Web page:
Professor Rania Habib
Dr. Rania Habib is an Associate Professor of Linguistics and Arabic and the Coordinator of the Arabic Program in the Department of Languages, Literatures, and Linguistics in Syracuse University. She specializes in sociolinguistics with focus on language variation and change and the influence of urban dialects on rural ones through speakers’ migration to urban centers or through the spread of urban linguistic features to rural areas. She is also interested in discourse analysis, bilingualism and child and adolescent language and second language/dialect acquisition. Her research is interdisciplinary and applies diverse qualitative and quantitative methods of analyses to sociolinguistic variation and change, including Optimality Theory and the Gradual Learning Algorithm. It deals with numerous phonological variables and continues to explore other discourse variables, looking at social, psychological and ideological influences. Her research has appeared in prestigious journals such as Journal of Pragmatics, Language Variation and Change, and Journal of Child Language.
Link to Professor Habib's webpage: http://thecollege.syr.edu/people/faculty/pages/lang/habib-rania.html
Professor Samira Farwaneh
Dr. Samira Farwaneh is an Associate Professor of Arabic Language, Linguistics, and Pedagogy in the School of Middle Eastern and North African Studies at the University of Arizona, where she served as the Language Coordinator and Director of Graduate Studies. She received her MA from the University of Iowa and her Ph.D. from the University of Utah. She has taught Arabic at all levels, English as a second language (ESL), and developed several linguistics, sociolinguistics and pedagogy courses including Language and Society in the Middle East, Introduction to Arabic Linguistics, The phonology and morphology of Arabic dialects, Diglossia, and Teaching Arabic as a Foreign Language. Her research interests include Arabic dialect structure- particularly syllable structure and verb morphology, Language contact and language ideology within diglossic communities, and language and gender. She is the co-editor of Perspectives on Arabic Linguistics Volume 15, and Volume 24-25. Her present research focuses on indicators of complexity in Arabic dialects, vowel hiatus resolutions, and endangered dialect documentation and preservation.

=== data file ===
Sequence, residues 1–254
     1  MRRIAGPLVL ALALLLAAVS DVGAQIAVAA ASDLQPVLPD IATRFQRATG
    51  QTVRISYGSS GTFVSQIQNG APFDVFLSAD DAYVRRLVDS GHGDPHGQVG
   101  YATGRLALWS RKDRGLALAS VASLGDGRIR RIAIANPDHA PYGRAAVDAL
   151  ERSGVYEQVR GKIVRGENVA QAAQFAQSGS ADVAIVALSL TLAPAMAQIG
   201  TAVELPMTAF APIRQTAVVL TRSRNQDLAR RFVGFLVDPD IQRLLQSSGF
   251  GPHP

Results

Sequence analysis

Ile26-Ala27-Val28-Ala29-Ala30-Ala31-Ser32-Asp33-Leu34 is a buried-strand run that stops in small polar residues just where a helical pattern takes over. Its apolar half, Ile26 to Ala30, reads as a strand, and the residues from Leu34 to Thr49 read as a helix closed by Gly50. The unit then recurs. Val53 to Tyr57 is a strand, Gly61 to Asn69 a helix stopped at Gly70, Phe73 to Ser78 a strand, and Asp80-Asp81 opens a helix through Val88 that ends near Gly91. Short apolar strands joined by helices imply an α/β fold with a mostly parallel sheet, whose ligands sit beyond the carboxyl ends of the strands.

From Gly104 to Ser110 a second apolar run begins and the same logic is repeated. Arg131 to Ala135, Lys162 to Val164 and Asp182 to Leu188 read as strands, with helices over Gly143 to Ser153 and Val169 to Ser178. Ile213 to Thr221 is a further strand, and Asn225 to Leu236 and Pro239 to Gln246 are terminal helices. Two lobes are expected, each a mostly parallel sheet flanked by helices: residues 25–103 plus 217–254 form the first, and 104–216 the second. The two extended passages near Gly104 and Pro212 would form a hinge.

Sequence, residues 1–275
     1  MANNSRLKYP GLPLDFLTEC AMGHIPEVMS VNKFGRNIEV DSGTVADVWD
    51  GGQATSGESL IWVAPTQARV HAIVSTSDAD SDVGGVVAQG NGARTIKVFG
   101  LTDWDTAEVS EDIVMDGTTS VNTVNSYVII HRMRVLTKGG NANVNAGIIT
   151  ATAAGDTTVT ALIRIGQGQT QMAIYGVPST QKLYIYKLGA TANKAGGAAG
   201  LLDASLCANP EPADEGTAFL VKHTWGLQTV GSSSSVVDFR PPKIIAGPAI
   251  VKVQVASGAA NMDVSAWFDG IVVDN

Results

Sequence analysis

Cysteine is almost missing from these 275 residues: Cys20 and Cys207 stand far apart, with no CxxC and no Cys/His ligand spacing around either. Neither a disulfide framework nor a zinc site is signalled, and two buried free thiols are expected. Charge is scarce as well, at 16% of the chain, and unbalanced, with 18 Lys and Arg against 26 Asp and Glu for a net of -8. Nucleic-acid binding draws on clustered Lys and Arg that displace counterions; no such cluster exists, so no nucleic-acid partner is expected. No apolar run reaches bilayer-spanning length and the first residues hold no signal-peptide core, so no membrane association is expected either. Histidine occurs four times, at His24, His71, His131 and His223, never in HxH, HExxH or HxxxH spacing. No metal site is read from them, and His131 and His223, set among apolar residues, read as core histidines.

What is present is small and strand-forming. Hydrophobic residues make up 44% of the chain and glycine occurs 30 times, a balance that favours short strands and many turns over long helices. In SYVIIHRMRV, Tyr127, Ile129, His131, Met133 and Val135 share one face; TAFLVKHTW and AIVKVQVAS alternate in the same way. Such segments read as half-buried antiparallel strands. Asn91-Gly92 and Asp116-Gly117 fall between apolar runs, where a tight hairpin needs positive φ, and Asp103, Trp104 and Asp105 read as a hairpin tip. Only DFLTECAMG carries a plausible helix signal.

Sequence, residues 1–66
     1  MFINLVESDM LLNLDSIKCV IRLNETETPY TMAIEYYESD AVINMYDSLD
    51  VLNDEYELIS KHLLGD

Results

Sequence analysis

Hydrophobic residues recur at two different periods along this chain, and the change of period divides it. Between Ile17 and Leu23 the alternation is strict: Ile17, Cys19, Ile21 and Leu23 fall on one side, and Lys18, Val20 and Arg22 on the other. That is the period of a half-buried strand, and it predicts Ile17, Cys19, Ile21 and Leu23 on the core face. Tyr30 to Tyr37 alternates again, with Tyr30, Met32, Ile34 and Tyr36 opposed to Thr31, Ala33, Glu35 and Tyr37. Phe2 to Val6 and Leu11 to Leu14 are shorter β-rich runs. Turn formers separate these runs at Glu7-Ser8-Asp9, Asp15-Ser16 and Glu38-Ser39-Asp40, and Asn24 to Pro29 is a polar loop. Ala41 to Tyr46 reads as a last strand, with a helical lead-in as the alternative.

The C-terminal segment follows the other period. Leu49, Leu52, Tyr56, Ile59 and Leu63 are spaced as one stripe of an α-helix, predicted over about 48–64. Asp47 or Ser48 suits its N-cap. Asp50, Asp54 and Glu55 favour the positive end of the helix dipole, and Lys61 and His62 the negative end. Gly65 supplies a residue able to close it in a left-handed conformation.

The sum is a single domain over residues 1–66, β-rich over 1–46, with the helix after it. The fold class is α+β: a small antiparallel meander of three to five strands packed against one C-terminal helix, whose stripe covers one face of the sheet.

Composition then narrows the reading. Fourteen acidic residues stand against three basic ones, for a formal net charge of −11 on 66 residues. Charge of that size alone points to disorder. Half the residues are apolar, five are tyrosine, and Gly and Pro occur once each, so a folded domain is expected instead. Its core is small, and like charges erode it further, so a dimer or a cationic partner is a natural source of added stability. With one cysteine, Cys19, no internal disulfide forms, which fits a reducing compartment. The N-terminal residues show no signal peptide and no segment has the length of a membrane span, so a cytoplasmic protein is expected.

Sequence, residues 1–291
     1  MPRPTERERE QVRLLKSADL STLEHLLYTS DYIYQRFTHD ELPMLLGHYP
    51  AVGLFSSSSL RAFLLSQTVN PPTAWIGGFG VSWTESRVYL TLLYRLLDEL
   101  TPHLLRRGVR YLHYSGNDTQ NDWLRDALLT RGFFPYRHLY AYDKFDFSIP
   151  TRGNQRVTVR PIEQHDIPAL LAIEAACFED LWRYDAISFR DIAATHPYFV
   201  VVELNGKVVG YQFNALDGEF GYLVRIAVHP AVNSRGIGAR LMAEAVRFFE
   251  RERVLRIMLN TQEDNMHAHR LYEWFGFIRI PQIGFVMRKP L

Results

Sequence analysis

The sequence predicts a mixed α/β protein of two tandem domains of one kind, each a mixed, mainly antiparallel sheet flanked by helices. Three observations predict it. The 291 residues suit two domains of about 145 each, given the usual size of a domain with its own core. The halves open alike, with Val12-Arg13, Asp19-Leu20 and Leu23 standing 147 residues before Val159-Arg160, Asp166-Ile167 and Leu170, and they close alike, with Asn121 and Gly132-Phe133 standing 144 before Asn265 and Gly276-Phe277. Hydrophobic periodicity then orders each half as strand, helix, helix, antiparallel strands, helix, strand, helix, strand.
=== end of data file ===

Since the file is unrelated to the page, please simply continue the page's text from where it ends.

Link to Professor Farwaneh's webpage: https://menas.arizona.edu/user/samira-farwaneh
Professor Mohamed Embarki
Professor of Arabic Language and Linguistics
Dr. Mohamed Embarki is a full Professor in Language Sciences at the University of Franche-Comté, Besançon, France. He started his academic career as a Senior lecturer in phonetics and phonology at Paul-Valéry University, Montpellier 3. He was a member of the Praxiling research team, a joint laboratory of CNRS (French National Centre for Scientific Research) and Paul-Valéry University, Montpellier 3. At the University of Franche-Comté, he served as the head of the Department of FFL (French as Foreign Language) and since 2016 he is the pedagogical Coordinator of the Master's degree of FFL. He held the responsibility of director of several research teams. The last team he led was CLD (Contexts, Languages, Didactics), a thematic Pole of the ELLIADD laboratory (EA 4661). His main interest has always been Arabic phonetics and phonology. He instrumentally explored several aspects of the Arabic language and its modern varieties from the acoustic and articulatory points of view. He is currently working on the place of French in the Arabic-speaking area.
Link to Professor Embarki's webpage: http://elliadd.univ-fcomte.fr/fiches/embarkimohamed
Professor Ahmad Alqassas
Dr. Ahmad Alqassas (Ph.D., Linguistics, Indiana University-Bloomington) does research on comparative syntax, Arabic syntax, morphosyntax, acquisition and diglossia/variation. He draws mostly on data from dialectal and standard Arabic that bear on cross-linguistic phenomena related to the design of the language faculty. His research primarily investigates clausal architecture and structural dependencies in the major grammatical categories of Arabic. These categories include negation, tense/ mood/ aspect, negative sensitive items and coordination structures. His research on these categories investigates key issues in linguistic theory, particularly within Minimalist Syntax. Such issues include the role of linguistic parameters and interface effects in explaining the rich structural variation in Arabic. His book A Multi-locus Analysis of Arabic Negation: Micro-variation in Southern Levantine, Gulf and Standard Arabic has been published by Edinburgh University Press. His research includes the morphosyntax of agreement morphology in the nominal domain, such as numeral phrases and definiteness, and their role at the syntax-morphology interface within Distributed Morphology. His interests include the applications of linguistic theory to second/heritage language acquisition. He also teaches courses on Arabic linguistic analysis, dialectology, sociolinguistics, language policies/politics and political discourse.
Link to Professor Alqassas's webpage:https://gufaculty360.georgetown.edu/s/contact/00336000014TX9cAAG/ahmad-alqassas